Breaking Fast Among the Clouds, All in a Day’s Work For Pilots

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A Malaysia Airlines pilot talks about his exciting experiences during the holy month of Ramadan.

Breaking fast among the clouds, all in a day’s work for pilots

KUALA TERENGGANU: Having your pre-dawn meal in one country and breaking fast in another amidst floating clouds at 41,000 feet above sea level must surely be quite an experience.

On top of that, the time for breaking fast varies even on the same day. This is something enjoyed by the lucky few who at times, enjoy short fasting stints or fast all day long when the sun never sets.

In fact, for some Muslim pilots, the month of Ramadan is very much anticipated.

Mohd Hairul Sanot, 36, who has been a pilot since March 2007 with Malaysia Airlines, said it had been a very exciting experience for him, and pilots have been trained to persevere from the very start.

“The time for fasting depends on sunrise and sunset. Day and night occur not only because the earth orbits around the sun but also because the earth spins on its axis.

“The surface of the earth facing the sun will have daylight while the part facing away from the sun will have night…as the axis is not perpendicular and is slightly tilted by 23.5 degrees, the length of days and nights differ in different places.

“It depends on the position of the earth which is travelling around the sun. In addition, the height at which a person is will also determine the time to break fast, be it earlier or later,” he said while sharing with Bernama his fasting experience.

Mohd Hairul added that although Islam gave permission or leeway to break fast if one found it tiring during the flight, most pilots and cabin crew still chose to fast.

“Last June 9, I was flying from Kuala Lumpur to Melbourne, Australia. The departure time was 10.30am in Kuala Lumpur. My time to break fast was 4.30pm Malaysian time.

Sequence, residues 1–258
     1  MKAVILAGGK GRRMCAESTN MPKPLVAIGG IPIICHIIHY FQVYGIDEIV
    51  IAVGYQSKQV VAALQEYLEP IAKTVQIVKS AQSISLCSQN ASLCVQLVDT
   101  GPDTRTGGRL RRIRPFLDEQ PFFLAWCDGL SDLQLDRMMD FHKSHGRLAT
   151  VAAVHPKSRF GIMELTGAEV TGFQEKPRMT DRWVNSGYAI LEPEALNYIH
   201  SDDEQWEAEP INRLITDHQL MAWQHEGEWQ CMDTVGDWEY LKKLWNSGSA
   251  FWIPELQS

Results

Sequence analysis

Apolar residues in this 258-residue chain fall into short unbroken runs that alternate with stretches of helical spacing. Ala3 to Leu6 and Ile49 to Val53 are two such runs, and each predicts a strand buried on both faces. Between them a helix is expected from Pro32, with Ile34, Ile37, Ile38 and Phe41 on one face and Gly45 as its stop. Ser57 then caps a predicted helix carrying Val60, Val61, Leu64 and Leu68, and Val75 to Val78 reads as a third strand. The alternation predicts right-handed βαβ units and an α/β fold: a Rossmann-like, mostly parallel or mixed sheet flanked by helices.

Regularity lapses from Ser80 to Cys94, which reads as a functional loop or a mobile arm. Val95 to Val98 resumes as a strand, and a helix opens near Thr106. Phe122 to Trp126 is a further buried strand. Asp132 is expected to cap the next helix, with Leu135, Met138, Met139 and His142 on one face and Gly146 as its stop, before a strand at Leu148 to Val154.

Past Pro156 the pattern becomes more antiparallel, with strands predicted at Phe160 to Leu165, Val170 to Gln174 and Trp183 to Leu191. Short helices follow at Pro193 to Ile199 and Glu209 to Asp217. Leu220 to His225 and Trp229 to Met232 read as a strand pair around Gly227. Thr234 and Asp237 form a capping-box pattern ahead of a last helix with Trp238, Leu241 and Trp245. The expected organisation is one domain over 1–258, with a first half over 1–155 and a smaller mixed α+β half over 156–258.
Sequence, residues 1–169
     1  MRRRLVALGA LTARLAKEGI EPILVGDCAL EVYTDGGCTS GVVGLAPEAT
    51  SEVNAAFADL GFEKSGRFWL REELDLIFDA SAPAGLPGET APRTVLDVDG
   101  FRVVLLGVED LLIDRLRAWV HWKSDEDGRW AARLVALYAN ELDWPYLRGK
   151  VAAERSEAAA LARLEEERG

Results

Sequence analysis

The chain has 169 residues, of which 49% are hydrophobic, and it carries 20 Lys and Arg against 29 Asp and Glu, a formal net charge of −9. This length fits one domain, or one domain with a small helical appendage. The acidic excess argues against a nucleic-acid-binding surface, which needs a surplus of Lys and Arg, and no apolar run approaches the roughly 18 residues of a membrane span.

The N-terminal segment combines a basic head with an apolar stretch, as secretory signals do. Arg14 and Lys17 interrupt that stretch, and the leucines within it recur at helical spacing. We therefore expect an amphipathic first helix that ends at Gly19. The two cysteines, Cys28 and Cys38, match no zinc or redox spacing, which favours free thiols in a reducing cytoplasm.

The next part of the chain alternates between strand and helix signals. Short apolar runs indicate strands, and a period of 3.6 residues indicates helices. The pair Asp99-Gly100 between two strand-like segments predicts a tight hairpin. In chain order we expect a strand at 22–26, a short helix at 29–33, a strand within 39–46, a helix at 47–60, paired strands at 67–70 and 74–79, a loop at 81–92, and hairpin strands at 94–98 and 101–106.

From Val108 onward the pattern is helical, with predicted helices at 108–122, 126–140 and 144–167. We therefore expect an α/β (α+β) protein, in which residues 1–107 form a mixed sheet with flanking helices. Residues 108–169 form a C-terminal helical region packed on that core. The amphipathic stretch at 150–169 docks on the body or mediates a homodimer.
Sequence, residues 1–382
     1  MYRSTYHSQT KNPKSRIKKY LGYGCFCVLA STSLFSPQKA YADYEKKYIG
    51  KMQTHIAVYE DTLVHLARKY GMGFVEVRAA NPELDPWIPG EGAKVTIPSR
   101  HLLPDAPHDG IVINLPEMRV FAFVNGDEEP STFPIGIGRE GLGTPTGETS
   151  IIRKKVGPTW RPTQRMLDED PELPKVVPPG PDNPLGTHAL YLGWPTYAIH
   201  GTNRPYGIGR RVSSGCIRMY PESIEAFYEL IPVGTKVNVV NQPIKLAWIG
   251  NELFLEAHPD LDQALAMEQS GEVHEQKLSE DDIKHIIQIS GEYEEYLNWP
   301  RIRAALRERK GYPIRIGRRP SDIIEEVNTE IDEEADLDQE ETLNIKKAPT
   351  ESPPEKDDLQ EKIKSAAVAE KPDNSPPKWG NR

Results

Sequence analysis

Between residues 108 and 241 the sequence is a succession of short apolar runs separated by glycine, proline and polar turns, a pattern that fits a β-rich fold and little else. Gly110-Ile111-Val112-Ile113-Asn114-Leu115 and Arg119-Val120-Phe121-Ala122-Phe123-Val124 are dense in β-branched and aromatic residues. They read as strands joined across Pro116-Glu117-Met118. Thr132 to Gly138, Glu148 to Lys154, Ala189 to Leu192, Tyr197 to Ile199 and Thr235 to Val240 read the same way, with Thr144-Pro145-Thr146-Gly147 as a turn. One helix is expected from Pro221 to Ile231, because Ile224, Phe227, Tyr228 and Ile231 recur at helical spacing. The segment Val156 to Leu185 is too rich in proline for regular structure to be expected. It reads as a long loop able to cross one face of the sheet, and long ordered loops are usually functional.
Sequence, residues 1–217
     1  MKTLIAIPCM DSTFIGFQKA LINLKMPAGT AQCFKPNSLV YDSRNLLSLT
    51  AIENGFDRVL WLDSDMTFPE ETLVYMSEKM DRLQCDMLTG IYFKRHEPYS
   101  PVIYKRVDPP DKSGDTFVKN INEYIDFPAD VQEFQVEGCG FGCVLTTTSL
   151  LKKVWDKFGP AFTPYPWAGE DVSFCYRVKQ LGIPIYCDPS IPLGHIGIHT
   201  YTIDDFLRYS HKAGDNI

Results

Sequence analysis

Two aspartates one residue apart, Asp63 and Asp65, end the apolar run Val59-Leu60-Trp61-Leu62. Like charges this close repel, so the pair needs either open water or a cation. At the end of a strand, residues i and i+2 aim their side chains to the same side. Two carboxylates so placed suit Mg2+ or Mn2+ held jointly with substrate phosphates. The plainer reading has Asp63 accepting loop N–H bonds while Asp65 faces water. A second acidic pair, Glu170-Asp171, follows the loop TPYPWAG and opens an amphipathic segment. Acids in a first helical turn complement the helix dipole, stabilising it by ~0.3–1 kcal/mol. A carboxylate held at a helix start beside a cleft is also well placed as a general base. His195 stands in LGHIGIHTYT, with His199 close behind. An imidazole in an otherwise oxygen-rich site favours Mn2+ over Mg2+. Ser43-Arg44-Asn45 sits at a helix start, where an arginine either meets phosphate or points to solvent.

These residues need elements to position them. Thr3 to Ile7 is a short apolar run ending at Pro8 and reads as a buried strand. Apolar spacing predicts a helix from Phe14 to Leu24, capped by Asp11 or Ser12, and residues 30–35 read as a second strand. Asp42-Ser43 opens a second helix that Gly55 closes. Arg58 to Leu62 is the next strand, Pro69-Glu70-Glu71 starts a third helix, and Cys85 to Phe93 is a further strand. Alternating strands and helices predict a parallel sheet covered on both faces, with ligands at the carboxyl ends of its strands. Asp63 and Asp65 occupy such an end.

“So, I fasted for 10 hours 50 minutes, compared to 13 hours 42 minutes in Kuala Lumpur and 11 hours 11 minutes in Melbourne. Much shorter time than fasting in Melbourne, isn’t that interesting?

“However, on June 29, 2016, I will be flying to Jeddah. Jeddah residents will be fasting for 14 hours, 54 minutes while KL residents will fast for 13 hours 43 minutes. I will probably have to fast for 17 hours! This is when I have to be really patient. I may break my fast once I have landed.

“If the departure time is close to sunset, I would usually break my fast with dates and drinks first. Only while cruising will I have my proper meal,” he said.

For the safety of passengers and to ensure a smooth flight, if both pilots are Muslims, they take turns to eat, he said.

Mohd Hairul said if the pre-dawn meal was to be taken during a flight, the pilots and cabin crew hardly ate as their appetites were somewhat suppressed due to the pressure of the cabin.

“But as soon as we land, we will feel extremely hungry,” said the aerospace engineering graduate who underwent flight training in Bankstown, Sydney, Australia.

Recounting how he became a pilot, Mohd Hairul said he had never dreamed of becoming one, let alone fly the modern Airbus A330-300 jetliner, the world over.

“I had always loved adventure. When I was little, I did not even know what a pilot’s uniform looked like. I never thought I would be in the pilot’s seat, what more experience Ramadan while flying.

“When you are up there, it is very intriguing, which reminds me of the greatness of Allah,” he said.

On celebrating Aidilfitri amidst the blue skies, Mohd Hairul said in his 10 years of service, he only experienced it once, when he was undergoing training to fly an aircraft in Sydney.

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